Written by BRIGHT MHANGO
We have seen the men: Steven Monjeza, Tiwonge Chimbalanga and Fortune Banduka. But have we heard from the lesbians? Are there any in Malawi? Brace yourself, writes Bright Mhango
Mercy Kumwenda, 23, says she is tired of living in the shadows and has come out to declare that she is a lesbian and she has called on “whoever makes the laws” to leave lesbians alone and to protect them.
“People think that you are a witch, abnormal, satanic or you just want to make money but for me its inborn. I mean how do you I sleep with a man if I have no feelings for a man, I have tried dating men but it didn’t work,” said Kumwenda.
Kumwenda was speaking on the sidelines of a women’s rights consultation meeting organised by the ministry of gender in conjunction with Oxfam and Gender Coordination Network at Wamkulu Palace in Lilongwe on Wednesday.
The meeting was aimed at hearing the voices of rural women in preparation for the next set of millennium development goals and among the invited was Mercy Kumwenda.
Kumwenda is of medium height, with an unforgettable face owing to a scar on her face. She harbours no shyness about her plump build and played confident as she mingled with the rest of the delegates.
The first question I fired at her was if she was sure of coming out in the newspaper, which she said she was, this despite her admitting that she hasn’t told her parents about her being gay yet.
“Currently only people from my work know…there are millions of lesbians out there but they cannot speak out because they fear being called names and jeered at in the streets,” said Kumwenda.
She however said that without coming out, like she did, government would not help her and her friends would continue to suffer oppression.
She denied any possibility of being a learned lesbian saying she found out about her being gay in standard eight when she got very attracted to her best friend who later became her lover whom she claims she continues being very close to.
“We actually have a name Mathanyula for it showing that being gay is not from the West, it has been in Malawi for a long time,” said Kumwenda.
The horrors that gays face in Malawi are well documented starting from those sanctioned by capitol hill where being gay is punishable by a jail sentence that can go up to 14 years, almost all Malawian gays according to literature occur in underground networks.
“My friend sustained a broken arm after being beaten at a club for kissing a fellow lesbian. The hospital also looks at them in askance when we want to access medical care for STIs and they ask us to bring partners which we cannot do because we would be picked on therefore lesbians go to private hospitals if they can afford, ” she said.
She said lesbians do not need to come out to prove that there are out there, she said whoever wants to quantify them should commission a research.
Kumwenda said she knows about 40 lesbians in Blantyre and Lilongwe and with the secretive lives they lead, potential partners are identified through these cells of friends a point she stressed eliminates fake lesbians from real ones.
“If you are a fake lesbian you wouldn’t know the connection lesbians have by merely looking at each other,” she said.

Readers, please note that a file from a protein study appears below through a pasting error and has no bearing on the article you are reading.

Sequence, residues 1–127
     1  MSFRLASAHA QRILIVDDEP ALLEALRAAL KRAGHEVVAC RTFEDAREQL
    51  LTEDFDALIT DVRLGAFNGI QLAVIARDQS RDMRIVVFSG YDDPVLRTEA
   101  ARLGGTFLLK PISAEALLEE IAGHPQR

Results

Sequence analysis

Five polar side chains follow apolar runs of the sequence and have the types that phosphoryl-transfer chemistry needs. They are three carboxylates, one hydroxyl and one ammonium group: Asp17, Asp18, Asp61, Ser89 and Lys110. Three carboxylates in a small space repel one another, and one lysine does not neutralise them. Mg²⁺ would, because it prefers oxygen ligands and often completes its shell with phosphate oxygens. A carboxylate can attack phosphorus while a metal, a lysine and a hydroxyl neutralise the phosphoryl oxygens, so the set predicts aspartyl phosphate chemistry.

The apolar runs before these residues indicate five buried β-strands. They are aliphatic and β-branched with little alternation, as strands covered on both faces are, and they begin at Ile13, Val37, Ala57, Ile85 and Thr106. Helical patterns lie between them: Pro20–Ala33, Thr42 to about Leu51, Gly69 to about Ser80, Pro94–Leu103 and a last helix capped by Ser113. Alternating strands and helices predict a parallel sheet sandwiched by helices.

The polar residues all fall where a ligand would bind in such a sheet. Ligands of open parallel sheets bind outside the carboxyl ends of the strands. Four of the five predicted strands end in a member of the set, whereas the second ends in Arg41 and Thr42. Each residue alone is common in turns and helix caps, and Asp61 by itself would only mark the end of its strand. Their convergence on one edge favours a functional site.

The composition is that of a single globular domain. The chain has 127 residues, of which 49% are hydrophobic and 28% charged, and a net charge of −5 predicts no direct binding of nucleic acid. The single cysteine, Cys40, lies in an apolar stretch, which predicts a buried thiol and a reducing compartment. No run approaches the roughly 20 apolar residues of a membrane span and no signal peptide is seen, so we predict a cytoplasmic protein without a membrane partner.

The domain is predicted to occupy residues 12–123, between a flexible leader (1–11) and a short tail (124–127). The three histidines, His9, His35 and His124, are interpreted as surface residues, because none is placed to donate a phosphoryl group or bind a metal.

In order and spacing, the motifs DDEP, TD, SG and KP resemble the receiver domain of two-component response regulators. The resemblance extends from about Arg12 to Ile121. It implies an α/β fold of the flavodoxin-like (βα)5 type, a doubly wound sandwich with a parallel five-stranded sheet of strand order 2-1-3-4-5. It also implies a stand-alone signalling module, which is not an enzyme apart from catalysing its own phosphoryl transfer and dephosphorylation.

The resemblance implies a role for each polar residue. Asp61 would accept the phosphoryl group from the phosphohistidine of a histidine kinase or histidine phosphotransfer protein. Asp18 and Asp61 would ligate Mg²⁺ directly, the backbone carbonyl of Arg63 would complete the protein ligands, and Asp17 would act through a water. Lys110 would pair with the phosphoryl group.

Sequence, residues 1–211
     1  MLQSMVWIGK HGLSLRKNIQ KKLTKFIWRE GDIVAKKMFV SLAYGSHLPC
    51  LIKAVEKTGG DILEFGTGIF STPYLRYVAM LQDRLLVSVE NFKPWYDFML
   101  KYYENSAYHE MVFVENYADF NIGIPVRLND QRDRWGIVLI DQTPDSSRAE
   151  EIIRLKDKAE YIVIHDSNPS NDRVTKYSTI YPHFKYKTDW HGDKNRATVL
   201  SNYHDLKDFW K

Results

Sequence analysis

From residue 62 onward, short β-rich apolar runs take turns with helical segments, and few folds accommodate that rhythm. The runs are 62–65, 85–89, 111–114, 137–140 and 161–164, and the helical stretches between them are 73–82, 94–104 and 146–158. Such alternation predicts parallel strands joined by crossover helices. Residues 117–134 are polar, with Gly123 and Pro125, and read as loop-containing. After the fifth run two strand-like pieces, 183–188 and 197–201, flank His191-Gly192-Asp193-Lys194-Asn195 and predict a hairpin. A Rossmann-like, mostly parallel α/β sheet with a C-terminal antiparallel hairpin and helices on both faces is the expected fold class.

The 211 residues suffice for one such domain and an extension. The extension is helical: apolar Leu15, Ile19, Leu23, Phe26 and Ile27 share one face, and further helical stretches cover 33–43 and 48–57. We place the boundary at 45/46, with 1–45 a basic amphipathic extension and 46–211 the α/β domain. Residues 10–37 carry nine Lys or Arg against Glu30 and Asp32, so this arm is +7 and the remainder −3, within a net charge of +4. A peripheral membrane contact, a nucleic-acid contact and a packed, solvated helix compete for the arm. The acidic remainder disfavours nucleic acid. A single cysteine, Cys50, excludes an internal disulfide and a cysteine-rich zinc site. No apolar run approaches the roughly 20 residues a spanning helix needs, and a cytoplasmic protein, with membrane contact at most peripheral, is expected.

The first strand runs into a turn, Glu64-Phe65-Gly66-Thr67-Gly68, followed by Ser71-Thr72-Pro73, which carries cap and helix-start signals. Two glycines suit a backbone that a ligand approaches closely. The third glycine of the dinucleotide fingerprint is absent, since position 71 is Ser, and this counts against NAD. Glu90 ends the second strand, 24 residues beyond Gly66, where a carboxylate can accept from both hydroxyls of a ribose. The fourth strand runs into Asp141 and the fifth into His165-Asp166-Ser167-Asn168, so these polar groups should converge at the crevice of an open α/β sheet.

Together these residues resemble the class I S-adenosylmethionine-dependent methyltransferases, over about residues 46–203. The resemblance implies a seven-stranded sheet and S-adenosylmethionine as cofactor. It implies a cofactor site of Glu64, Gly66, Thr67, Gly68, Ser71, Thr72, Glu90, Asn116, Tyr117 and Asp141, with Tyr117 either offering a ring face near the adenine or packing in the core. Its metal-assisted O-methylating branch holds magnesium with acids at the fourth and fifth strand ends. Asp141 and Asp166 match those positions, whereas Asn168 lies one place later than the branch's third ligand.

A member of the Assemblies of God church, she believes that homosexuality is not a sin arguing that an inborn natural phenomenon cannot be a sin. She insisted that man should not rush to judge because there is only one judge: God and that he is yet to call for the judgment day.
Asked what she had to say to the framers of law who made homosexuality illegal, Mercy said she doesn’t even know who made the law and where he got the authority and the law makers and homophobic Malawians, Mercy had a brisk message:
“Leave lesbians alone. They are human being no matter what people say. Let them be, make laws to protect us we were born here and there is nowhere else we can go.”
Homosexuality in Malawi took the agenda when a gay couple Tionge Chimbalanga and Steven Monjeza were arrested after holding public engagement ceremony in Blantyre, Malawi in 2009. Late President Bingu wa Mutharika has equaled gays to dogs and a pastor in Lilongwe has called for the death of gays reflecting the harsh homophobia on the streets.
The constitution guarantees nondiscrimination on Chapter Four/ Section 20 but this is sharp contrast with the penal code which promises 14 years to all gays.
Malawi President Joyce Banda has been shaky in the face of the debate; she at first gave hope and hinted at suspending homophobic laws but upon local pressure from her electoral competition relented and said it is up for the nation to decide.
Human rights activist have long argued that homosexuality needs to be decriminalized in Malawi because its discrimination and fuels HIV. Current figures indicate that HIV prevalence is at 21% among gays way higher than the 14 percent of the rest of the population.
Research conducted on the subject blames the current HIV rates on the fact that gays are not targeted with HIV messages and are forced to sleep with each other in their crammed cells owing to the dangers of coming to the open.
It remains to be seen how Mr. Kumwenda will react to their daughter coming out but what we can tell here is her coming out is a milestone, she is the first ever lesbian to come out in Malawi.
I support Kumwenda with all my journalism. To be gay is not a crime.
Bright Mhango writes at mutafire.blogspot.com